British Prime Minister Boris Johnson has put plans to further ease coronavirus restrictions on ice. The decision fell on opening day of the World Snooker Championship, which, controversially, was to host some 300 fans.
British Prime Minister Boris Johnson on Friday confirmed sports fans will not be able to attend events in England until at least August 15 amid a rise in coronavirus infections.
The World Snooker Championships is one of a number of high-profile sporting occasions to have been affected by the government U-turn. Horse racing and cricket were also set to have fans in attendance in the coming days as part of pilot events that began earlier this week. Johnson, however, said that those plans have now been shelved.
"Pilots of larger crowds at sports venues will not take place," Johnson said at a press conference. "I said from May we would not hesitate to put on the brakes at the slightest sign that the numbers were going in the wrong direction."
Plans to let around 300 fans in the Crucible prompted a testy exchange between two of the sport's best: Judd Trump and Ronnie O'Sullivan
As Johnson made the announcement, some fans were already taking their seats for the opening day of the World Snooker Championships taking place at the Crucible Theatre in Sheffield.
The Sport's governing body tweeted: "Following today's announcement from the UK Government that the easing of certain restrictions in England has been postponed, there will be no access for fans to the World Championship from Saturday 1st August."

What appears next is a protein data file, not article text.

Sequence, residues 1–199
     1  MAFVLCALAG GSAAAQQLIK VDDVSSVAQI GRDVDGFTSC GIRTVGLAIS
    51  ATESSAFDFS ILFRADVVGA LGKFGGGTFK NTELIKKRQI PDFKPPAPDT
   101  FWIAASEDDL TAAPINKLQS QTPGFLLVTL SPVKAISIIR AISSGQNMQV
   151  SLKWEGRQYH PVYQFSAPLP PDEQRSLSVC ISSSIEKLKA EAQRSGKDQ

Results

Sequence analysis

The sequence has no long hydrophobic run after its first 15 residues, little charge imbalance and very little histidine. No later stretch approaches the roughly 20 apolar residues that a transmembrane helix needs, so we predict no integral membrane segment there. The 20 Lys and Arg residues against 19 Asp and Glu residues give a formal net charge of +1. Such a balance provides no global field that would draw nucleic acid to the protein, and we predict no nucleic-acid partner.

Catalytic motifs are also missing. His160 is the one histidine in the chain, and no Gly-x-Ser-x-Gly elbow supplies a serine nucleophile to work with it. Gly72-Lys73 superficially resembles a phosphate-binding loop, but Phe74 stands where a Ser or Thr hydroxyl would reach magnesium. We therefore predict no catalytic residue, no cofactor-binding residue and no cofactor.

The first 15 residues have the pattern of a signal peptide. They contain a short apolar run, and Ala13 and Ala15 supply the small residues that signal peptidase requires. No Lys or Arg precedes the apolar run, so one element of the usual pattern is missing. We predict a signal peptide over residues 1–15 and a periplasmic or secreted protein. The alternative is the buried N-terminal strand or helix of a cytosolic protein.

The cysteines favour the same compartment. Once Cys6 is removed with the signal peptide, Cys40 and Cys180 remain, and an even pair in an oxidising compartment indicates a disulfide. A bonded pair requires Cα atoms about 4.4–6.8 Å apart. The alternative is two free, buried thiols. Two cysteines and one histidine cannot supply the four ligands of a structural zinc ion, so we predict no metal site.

The plan to introduce fans at the snooker tournament had already caused a stir with reigning world champion Judd Trump saying fellow player Ronnie O'Sullivan should have withdrawn and allowed another player to take his place if he had concerns about playing in front of fans amid the pandemic.
Former world number one O'Sullivan had said organizers were treating players like "lab rats," hinting that the financial risks at a more minor sport were easier to manage. Anthony Hamilton, a 49-year-old who suffers from asthma, pulled out on Thursday citing health concerns.
"Less insurance to pay out for Anthony Hamilton than there is for Lewis Hamilton," O'Sullivan said, referring to the F1 champion who is competing at an empty Silverstone circuit this weekend in the British Grand Prix.
Trump lifted the trophy for the first time last year; he is seeking to become the first player to successfully defend his maiden world championship
A cricket match in London between Surrey and Middlesex at The Oval had up to 1,000 supporters earlier this week. Plans for further matches to have fans have now been put on hold, though.
''We understand this is disappointing for supporters who have waited a long time to see their clubs in action," the England and Wales Cricket Board said in a statement. ''However, we understand the reasons the government has made this decision, and remain ready to work with them to ensure supporters can safely return to stadiums when government advice allows."
The Glorious Goodwood horse racing festival on Saturday was also set to be part of the scheme, with 4,000 fans permitted to see the action live.
''We understand that concern about the national infection rate is the primary reason,'' the British Horseracing Authority said, ''and as a result all pilots of larger crowds in sporting venues will be postponed until at least August 15."
The UK Culture Secretary Oliver Dowden expressed his disappointment but said he hoped to have fans back soon.
"Very disappointing news that with rise in infection rates we cannot press ahead with sports pilots with fans this weekend. I know the huge efforts cricket, snooker & horseracing have made to welcome fans back. We'll keep working together on their safe return asap," Dowden wrote on Twitter.
The British government also said venues such as casinos, bowling alleys and skating rinks would not now be opening on Monday, as previously planned.
The Irish Cup final was still going to go ahead on Friday night, with up to 500 fans at Windsor Park in Belfast, as that decision lies with the Northern Ireland Executive, rather than the British government in Westminster.
jsi/msh (AP, Reuters)